Cover image of "Lexicon," a sci-fi novel in which words kill

Words kill? Max Barry says yes in Lexicon.

So, here’s the deal: psycholinguistics and associated fields of cognitive science have progressed to the point that a supersecret, transnational organization is able to marshal the power of words to kill thousands on its way to ruling the world. A likely story, you say? Well, yes. Far-fetched to the max.

Just to be clear, these aren’t words that are familiar to you and me. Of course not. They’re such constructs as vartix, megrance, justitract, velkor, and mannik. Through some unknown neurological process, combinations of nonsense syllables such as these are said to open up pathways in the brain that enable wordsmiths — Barry calls them “poets” — to control the lives of others.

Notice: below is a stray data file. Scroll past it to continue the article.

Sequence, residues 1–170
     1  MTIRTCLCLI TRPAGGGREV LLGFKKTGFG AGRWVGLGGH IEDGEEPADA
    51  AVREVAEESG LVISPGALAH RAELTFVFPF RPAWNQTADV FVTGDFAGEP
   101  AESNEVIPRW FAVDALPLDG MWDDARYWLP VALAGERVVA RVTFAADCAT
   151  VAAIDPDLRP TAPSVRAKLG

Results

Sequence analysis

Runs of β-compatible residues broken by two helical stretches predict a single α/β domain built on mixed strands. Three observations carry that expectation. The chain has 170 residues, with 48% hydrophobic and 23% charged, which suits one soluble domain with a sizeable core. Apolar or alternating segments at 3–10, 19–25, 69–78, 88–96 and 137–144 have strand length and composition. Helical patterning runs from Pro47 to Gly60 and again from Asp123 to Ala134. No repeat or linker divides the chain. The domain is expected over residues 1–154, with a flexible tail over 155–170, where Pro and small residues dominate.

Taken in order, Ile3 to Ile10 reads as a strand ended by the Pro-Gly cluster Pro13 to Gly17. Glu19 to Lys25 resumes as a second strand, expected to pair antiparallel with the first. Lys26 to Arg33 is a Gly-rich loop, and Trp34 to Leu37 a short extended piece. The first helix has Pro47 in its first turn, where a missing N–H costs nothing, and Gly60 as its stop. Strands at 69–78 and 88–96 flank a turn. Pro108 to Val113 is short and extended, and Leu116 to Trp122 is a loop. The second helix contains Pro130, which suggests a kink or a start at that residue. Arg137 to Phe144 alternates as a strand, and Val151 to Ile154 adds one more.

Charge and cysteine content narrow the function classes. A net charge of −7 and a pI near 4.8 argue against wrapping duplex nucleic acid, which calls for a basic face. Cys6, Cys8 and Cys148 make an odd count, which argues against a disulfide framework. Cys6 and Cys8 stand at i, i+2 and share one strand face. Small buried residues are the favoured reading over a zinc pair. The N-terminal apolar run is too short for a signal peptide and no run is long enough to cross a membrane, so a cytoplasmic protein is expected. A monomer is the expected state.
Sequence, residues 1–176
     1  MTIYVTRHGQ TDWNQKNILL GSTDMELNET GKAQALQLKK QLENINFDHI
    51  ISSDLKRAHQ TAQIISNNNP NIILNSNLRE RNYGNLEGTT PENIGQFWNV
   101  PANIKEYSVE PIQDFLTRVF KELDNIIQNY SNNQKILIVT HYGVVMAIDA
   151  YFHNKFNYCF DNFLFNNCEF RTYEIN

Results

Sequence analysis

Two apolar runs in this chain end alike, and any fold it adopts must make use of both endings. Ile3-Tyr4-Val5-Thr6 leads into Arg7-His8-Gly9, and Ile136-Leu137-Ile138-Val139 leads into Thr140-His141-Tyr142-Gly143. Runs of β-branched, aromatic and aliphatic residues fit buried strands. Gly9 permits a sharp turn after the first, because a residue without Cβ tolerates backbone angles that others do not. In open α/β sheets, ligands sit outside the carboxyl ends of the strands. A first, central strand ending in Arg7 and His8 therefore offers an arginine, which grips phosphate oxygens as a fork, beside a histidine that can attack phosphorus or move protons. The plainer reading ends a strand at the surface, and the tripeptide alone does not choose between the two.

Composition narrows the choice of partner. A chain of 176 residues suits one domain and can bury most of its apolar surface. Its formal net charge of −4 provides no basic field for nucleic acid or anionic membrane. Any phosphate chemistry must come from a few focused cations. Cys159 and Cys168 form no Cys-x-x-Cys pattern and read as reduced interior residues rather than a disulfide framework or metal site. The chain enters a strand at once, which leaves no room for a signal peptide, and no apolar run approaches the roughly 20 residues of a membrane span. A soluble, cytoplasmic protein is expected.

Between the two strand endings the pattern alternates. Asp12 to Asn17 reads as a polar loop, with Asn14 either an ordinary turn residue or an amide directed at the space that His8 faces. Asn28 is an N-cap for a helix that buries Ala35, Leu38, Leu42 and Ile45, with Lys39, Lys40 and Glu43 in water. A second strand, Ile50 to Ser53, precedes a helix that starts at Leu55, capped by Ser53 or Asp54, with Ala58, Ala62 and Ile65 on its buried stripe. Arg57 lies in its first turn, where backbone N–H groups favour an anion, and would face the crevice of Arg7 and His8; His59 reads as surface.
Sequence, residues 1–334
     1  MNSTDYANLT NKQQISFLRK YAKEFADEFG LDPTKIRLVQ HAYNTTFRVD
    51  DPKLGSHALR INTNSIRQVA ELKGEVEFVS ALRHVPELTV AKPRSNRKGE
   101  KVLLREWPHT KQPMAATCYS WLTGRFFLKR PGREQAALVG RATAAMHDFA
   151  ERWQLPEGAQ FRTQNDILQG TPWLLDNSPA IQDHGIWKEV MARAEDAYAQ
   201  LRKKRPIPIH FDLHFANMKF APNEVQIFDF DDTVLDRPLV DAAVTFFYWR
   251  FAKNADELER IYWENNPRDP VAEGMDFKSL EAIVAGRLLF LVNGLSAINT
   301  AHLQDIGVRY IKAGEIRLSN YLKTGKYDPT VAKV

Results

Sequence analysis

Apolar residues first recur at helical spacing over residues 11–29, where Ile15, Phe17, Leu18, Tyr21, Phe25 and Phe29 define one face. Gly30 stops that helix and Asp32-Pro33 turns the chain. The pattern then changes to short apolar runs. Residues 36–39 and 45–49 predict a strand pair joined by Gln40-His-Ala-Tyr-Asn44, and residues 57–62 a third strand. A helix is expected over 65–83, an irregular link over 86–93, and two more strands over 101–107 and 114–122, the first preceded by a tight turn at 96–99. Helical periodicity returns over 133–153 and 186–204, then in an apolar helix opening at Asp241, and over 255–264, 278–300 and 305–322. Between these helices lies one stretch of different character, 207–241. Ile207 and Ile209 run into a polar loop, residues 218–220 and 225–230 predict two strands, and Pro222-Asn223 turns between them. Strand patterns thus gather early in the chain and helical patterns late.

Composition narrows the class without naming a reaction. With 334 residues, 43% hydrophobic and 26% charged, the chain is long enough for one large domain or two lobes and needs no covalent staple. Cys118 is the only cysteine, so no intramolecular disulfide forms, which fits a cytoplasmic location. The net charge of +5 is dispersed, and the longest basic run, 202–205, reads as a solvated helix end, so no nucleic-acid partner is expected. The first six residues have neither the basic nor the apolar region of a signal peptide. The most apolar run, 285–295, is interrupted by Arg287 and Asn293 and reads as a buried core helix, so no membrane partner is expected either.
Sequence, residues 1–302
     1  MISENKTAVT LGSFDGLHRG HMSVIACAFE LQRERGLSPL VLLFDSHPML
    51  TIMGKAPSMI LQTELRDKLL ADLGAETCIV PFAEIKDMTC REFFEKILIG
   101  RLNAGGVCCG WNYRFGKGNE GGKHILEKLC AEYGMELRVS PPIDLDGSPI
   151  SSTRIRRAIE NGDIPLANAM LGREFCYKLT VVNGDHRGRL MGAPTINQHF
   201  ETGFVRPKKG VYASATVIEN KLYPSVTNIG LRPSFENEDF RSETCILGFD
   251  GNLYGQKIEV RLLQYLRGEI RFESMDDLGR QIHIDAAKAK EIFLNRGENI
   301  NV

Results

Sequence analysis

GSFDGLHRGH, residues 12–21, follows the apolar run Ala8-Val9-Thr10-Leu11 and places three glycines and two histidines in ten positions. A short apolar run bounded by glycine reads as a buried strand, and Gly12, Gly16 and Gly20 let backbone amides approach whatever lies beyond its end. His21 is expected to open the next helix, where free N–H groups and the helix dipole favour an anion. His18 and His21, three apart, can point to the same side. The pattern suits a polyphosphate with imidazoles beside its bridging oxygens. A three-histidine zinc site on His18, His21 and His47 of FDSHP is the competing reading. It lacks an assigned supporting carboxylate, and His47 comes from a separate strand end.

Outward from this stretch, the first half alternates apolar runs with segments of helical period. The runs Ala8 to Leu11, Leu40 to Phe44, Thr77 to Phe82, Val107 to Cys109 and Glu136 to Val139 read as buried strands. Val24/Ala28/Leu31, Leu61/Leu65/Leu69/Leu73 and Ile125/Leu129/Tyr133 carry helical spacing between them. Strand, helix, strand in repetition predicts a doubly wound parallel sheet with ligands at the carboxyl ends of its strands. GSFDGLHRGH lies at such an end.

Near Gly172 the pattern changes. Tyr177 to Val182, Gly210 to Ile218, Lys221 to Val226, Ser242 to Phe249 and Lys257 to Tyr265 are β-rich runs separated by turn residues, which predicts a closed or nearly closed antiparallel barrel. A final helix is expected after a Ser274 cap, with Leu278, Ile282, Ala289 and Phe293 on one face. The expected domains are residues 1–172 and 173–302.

Wil Pearce and Emily Ruff are two young people who fall into the clutches of the “organization.” Lexicon follows their individual stories until, inevitably, they intersect. Emily possesses rare talent for “persuasion” and thus excels as a poet. Wil may be the only human being on the planet who is immune to her words.

Lexicon by Max Barry ★★☆☆☆

Lexicon is clearly an effort by the author to reach for deeper truth about the human condition. But it’s hard to take seriously such a silly story.

Max Barry is an Australian writer who has published five novels, five collections of short stories, and three books of essays. He is frequently referred to as a science fiction writer, though if Lexicon is representative of his work, the label may be misplaced. “Science fiction?” Not really. Science fantasy, for sure.

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